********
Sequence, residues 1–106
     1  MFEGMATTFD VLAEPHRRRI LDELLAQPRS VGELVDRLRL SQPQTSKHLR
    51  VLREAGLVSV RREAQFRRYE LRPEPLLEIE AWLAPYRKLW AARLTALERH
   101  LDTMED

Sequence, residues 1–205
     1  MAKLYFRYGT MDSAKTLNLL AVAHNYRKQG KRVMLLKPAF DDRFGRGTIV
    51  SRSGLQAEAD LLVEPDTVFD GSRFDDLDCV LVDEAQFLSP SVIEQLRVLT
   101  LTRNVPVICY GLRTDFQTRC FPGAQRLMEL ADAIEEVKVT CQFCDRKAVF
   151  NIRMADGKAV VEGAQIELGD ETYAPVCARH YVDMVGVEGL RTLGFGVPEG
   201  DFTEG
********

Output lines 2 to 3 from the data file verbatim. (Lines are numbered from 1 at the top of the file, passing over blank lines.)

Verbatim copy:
     1  MFEGMATTFD VLAEPHRRRI LDELLAQPRS VGELVDRLRL SQPQTSKHLR
    51  VLREAGLVSV RREAQFRRYE LRPEPLLEIE AWLAPYRKLW AARLTALERH